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paints

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  • Marie Palowoda
    jan, in my frustration with the paint companies endless changing of their formulas i have begun a study of paint making. from what i have learned so far, your
    Message 1 of 5 , Oct 8, 2000
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      jan,
      in my frustration with the paint companies endless changing of their formulas i have begun a study of paint making. from what i have learned so far, your assumption that alcohol is a wetting agent , differing from the surfactant roll of the ox gall is correct.
      in response to your question about the difference between acrylic and watercolor paints. acrylic paints are those paints in which the vehicle is an acrylic resin.  watercolor and goauche (opaque watercolor)  are paints of which the liquid is a water dispersion of the binding material, usually gum arabic.
      in addition to the chemical and molecular differences in paint formulas marbling surfactants, etc., inconsistent information in books can also stem from the fact that the marbling process is vitally affected by the environment, ie. temperature, humidity.  what works for one marbler/author may not work for another marbler.  the information given in books or by other means is not to be taken as method set in stone but as a starting place with which to experiment and fine tune to achieve one's own working method. 
      as to your fabric paint questions i don't know if there is a significant difference beween acrylic marbling paints and acrylic fabric marbling paints in general.  i have seen differing methods of 'setting' acrylic paints on fabric by various paint manufacturer's which would be a factor dependant upon each manufacturer's paint formulas. some of these paints are general acrylics and some are specific fabric acrylics. i have seen both types sold and recommended in catalogs selling paints for fabric.  i have also used both types and have found brands of each type that i like just fine.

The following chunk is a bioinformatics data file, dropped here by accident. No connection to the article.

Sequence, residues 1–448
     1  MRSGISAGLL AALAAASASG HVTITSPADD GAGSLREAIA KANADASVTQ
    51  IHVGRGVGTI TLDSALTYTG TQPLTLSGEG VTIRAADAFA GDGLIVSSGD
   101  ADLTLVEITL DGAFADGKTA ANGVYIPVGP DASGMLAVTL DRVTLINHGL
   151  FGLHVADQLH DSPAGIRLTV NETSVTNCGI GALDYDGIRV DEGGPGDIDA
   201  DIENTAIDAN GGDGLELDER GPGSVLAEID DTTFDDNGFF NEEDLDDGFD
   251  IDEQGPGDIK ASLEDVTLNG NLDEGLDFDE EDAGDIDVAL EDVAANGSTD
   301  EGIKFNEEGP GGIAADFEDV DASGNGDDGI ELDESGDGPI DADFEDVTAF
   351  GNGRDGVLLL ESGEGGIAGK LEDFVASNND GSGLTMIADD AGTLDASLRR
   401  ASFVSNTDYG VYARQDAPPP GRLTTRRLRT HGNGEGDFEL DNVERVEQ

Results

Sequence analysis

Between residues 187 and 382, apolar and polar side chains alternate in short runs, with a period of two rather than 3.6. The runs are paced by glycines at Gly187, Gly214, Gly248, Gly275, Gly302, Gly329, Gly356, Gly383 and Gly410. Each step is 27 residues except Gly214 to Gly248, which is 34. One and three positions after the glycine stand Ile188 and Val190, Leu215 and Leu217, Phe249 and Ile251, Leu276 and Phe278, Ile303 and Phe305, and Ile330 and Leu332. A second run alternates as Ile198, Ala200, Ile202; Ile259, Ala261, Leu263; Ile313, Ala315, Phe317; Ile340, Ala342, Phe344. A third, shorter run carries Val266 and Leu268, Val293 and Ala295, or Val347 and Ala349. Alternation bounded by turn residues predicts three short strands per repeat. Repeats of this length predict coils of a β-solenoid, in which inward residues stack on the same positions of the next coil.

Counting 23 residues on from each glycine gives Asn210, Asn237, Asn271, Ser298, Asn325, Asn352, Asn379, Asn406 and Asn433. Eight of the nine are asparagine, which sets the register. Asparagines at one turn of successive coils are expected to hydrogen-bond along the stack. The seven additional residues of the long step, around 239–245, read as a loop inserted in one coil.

my only experience with watercolor on fabric was with traditional suminagashi inks and they washed out.  it would certainly be worth more research.  figuring out what works is half the fun.
      good luck,
      marie  
    • Susan Rex
      I am new to the list and have spent some time reading archives but didn t seem to find the answer to my question. I see reference to Golden and Liquitex
      Message 2 of 5 , Feb 24, 2002
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        I am new to the list and have spent some time reading archives but didn't
        seem to find the answer to my question. I see reference to Golden and
        Liquitex acrylic paints. Are these marbling paints or are these the same
        acrylics that are used for painting pictures? If they are painters
        arcylics, then with the liquitex do you use thick, medium or thin viscosity
        and adjust them as necessary? The same question applies to the water colour
        paints used for paper. Are these artists paints and is there a brand name
        that is quite reliable and available in Canada?

        I did try a sample with the irridescent Setacolor but realized my paint was
        either too thick or my size not thick enough. However, the results I did
        get were quite thrilling. I use quite a bit of setacolor, for other
        projects, and was wondering if anyone has tried Pebeo's marbling colors.

        One last question. What about the hand of the fabric? Does the acrylic
        paint have much of an effect on the hand of silk scarves? I wouldn't be as
        concerned with the hand of cotton.

        Susan - Medicine Hat, Ab
      • Jan Bond
        Hi Susan, I use the Pebeo marbling colors, as well as the Pebeo Setacolor irridescents, and I really like them. The marbling colors don t need any additives,
        Message 3 of 5 , Feb 24, 2002
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          Hi Susan,

          I use the Pebeo marbling colors, as well as the Pebeo Setacolor